As a long standing carer for a son with schizophrenia, I have seen him emerge from frightening hallucinations and delusions with the help of anti-psychotics, and for the last 8 years, on the one which suits him best, I've seen him become able to take part in conversation again, to look forward to things and now even to volunteer for a couple of hours a week in a charity shop. During this period, I'm very pleased that he has never needed to be readmitted to the psychiatric unit where he had spent so much time before.
On the down side, he has steadily put on weight since he started on anti-psychotics and this tendency has increased while he's been on his current one, so that he now weighs about double what he should. We both know that this morbid obesity can lead to diabetes which in turn can cause dangerous blood circulation problems. The medication is not the full story, of course, but it certainly contributes - by stimulating the appetite - to the problems caused by an inactive life and poor self care.
It needn't be like this and in some places it isn't. I've heard of programmes which have been developed and evaluated in which psychosis is treated as a problem of both physical and mental health right from the outset. So the illness and its treatments are thoroughly explained to the service user and help with diet and exercise is provided, all as part of an early intervention programme. The results of this approach in terms of improved physical health have apparently been impressive.
So one would expect this now to be the accepted way of doing things throughout the country but the findings of Rethink Mental Illness' recent medications survey suggest that this is still far from the case. The majority of the respondents hadn't had the benefits and risks of anti-psychotic medication explained to them and they hadn't discussed physical health symptoms with their health professional, which suggests that their problems are still being put into a narrow mental health pigeon hole. I wonder if a similarly blinkered view is taken by cancer specialists when explaining treatments such as chemotherapy which can also have bad side effects alongside their great benefits. My guess is that it's not.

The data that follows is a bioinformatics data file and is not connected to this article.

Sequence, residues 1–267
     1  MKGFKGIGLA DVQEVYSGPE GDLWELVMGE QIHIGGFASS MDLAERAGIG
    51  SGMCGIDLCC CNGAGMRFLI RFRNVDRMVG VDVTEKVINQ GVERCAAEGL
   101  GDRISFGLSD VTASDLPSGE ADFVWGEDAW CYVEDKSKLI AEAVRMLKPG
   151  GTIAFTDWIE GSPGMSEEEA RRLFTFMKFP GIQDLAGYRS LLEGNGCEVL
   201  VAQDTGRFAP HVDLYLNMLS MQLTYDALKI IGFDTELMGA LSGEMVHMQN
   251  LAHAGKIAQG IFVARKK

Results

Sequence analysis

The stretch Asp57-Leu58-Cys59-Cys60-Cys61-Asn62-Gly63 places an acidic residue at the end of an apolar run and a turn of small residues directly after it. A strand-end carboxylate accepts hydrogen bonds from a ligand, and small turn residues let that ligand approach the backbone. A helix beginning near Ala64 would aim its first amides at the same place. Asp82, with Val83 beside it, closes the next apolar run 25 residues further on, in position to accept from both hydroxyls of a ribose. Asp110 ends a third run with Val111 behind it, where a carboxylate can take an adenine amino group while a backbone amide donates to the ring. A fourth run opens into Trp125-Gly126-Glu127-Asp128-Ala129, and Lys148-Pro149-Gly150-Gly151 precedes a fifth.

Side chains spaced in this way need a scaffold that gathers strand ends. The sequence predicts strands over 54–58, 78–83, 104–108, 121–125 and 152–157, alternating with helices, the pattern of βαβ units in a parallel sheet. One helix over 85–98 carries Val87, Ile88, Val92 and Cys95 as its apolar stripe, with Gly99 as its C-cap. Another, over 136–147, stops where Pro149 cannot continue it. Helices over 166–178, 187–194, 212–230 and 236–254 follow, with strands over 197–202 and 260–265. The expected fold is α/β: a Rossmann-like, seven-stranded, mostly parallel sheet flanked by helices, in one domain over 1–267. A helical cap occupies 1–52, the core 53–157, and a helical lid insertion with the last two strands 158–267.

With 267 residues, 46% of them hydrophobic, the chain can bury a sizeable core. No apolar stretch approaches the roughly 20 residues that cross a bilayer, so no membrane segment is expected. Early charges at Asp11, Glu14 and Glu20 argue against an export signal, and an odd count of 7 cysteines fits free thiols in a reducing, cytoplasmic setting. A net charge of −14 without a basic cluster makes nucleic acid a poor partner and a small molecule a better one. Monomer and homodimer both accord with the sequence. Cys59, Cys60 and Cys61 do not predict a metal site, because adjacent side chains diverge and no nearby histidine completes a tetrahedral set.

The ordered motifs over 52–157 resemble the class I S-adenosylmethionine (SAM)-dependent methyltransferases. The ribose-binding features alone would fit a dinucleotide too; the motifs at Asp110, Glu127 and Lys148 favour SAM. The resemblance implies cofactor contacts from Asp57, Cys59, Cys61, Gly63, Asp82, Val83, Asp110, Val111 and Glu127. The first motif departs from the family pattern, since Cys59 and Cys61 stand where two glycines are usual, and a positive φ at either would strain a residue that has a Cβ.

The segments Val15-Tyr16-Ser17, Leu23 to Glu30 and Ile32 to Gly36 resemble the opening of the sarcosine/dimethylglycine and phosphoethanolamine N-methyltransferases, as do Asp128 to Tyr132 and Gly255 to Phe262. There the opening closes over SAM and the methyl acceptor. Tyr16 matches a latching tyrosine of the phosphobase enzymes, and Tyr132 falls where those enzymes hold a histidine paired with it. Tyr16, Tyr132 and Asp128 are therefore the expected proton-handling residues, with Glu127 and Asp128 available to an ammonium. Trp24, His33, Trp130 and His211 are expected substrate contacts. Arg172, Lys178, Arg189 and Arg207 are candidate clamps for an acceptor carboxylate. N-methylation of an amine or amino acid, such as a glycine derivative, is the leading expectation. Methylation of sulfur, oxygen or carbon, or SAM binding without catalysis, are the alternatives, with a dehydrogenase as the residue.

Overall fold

The survey paints a gloomy picture but let's not be totally downhearted. I asked my son what he thought were the lessons from his 20 years of experience and he said: "Things are better now because it's a bit more inclusive and you feel more part of it all." Something has recently happened which suggests that he's right. His psychiatrist is currently investigating whether cognitive behaviour therapy could be available for him to help change his attitude to food so that he doesn't approach every eating opportunity as if he was starving to death. So change seems to be happening but, in order to extend the lives of our loved ones, please let it be sped up.
For more information about anti-psychotic medication, read Rethink Mental Illness' factsheet. You can also find further information about medications and prescribing on the Rethink Mental Illness website.
For further information or advice, call the Rethink Mental Illness advice service on 0300 5000 927 (lines open Monday to Friday 09:30am-4pm and calls charged at local rate).